“I think you’re thinking of the batmobile, dude,” I said. “There’s just one weinermobile. I mean, Oscar Mayer might have three or four of them, like the General Lee. But they didn’t invent a whole series of special-purpose vehicles for every possible mode of transport or attack. They don’t give a shit about toy revenues; they aren’t in the licensing business like the comic book companies.”
“They had a whole cottage industry dedicated to keeping that fleet of General Lees running,” Freddy said. “I was trying to fuck this girl back in college whose dad sourced Dodge Chargers and parts so they could keep building new ones when they wrecked the stunt vehicles. They eventually found a factory in Soviet Russia that made knock-off cars they could destroy. You can tell in the later seasons — they all looked a little off, like those bootleg iPhones you get in Chinatown.”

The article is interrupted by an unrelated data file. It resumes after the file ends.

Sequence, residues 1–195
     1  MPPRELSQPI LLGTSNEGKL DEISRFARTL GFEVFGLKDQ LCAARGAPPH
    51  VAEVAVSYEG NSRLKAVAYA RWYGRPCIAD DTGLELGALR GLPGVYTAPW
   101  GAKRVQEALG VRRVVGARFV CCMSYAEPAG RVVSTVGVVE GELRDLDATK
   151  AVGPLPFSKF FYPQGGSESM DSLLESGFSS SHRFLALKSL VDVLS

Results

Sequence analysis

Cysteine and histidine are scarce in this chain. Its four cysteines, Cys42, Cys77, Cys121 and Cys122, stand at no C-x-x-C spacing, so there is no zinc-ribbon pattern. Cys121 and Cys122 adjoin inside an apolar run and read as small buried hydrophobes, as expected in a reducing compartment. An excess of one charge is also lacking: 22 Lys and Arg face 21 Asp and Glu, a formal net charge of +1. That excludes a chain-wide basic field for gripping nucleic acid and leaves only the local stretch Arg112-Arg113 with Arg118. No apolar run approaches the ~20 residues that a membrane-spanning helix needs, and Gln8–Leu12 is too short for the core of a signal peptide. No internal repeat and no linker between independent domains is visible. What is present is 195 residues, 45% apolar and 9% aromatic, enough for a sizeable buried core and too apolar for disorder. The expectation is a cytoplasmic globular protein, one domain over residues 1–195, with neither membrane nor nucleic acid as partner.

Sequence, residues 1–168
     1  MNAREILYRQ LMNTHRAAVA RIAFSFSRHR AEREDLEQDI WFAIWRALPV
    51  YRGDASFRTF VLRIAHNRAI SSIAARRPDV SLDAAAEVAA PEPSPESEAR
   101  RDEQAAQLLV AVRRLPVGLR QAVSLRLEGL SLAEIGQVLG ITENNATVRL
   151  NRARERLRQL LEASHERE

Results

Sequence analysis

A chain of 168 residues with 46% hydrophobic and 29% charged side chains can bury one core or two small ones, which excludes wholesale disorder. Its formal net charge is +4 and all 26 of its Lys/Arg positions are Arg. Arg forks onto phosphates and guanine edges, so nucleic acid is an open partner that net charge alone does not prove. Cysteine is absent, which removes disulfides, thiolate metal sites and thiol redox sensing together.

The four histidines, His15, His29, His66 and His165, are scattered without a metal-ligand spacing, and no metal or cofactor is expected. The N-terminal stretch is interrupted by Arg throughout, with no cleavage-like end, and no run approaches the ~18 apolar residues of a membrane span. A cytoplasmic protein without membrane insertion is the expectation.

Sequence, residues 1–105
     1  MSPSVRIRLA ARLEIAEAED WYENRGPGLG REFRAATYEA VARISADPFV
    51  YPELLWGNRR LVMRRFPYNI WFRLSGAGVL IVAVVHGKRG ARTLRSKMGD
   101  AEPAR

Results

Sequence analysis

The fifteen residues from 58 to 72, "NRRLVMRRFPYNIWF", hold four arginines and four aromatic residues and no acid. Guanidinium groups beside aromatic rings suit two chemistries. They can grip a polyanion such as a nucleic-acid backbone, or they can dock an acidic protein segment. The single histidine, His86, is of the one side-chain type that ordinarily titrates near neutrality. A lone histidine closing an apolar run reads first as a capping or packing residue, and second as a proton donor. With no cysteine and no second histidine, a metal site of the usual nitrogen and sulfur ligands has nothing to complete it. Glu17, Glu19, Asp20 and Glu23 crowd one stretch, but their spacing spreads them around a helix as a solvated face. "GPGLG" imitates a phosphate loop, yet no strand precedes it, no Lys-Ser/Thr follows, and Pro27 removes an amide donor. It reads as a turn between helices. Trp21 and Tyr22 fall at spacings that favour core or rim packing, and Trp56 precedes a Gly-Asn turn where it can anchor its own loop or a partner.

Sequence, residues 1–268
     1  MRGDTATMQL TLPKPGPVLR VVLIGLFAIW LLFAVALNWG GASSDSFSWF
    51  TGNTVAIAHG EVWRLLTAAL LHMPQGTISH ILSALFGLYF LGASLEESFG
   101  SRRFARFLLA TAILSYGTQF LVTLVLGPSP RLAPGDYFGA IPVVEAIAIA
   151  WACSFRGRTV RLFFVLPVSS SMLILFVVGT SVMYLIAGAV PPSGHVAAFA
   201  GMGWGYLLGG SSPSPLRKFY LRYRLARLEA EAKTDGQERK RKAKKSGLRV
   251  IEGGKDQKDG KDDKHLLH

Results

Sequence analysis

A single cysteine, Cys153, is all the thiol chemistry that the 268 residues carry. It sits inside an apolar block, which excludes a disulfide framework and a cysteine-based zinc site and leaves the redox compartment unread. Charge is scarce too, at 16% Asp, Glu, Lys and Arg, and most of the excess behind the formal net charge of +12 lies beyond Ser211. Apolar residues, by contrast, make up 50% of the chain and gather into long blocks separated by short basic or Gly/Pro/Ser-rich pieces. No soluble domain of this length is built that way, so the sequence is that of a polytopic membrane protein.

“That’s fucking awesome that the biggest redneck show in history had to turn to the commies to get replacement parts,” I said. “For every dollar you spent on the Good Old Boys, at least a nickel or two went straight to the godless communists Ronnie Raygun was supposed to be killin’. It’s like how people who are the most against totalitarian communism are the same ones who buy nothing but Chinese crap from Wal-Mart.
A simultaneous “oh shit” swept through the bar as R’s vehicle lost its tread at 140 miles an hour, launched sideways, then flipped end over end, shedding suspension pieces and body parts with each turn. There would be no sequel for “Trapped in a Closet”, or at the very least, it would be posthumous.